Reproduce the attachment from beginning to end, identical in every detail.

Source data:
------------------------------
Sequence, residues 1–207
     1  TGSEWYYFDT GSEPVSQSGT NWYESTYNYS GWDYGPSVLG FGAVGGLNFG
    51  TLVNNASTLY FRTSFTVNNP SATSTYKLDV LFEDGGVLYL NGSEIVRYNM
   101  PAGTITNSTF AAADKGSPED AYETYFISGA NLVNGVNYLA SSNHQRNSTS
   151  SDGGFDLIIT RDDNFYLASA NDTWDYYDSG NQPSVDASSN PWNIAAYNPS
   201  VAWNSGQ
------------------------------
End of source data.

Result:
Sequence, residues 1–207
     1  TGSEWYYFDT GSEPVSQSGT NWYESTYNYS GWDYGPSVLG FGAVGGLNFG
    51  TLVNNASTLY FRTSFTVNNP SATSTYKLDV LFEDGGVLYL NGSEIVRYNM
   101  PAGTITNSTF AAADKGSPED AYETYFISGA NLVNGVNYLA SSNHQRNSTS
   151  SDGGFDLIIT RDDNFYLASA NDTWDYYDSG NQPSVDASSN PWNIAAYNPS
   201  VAWNSGQ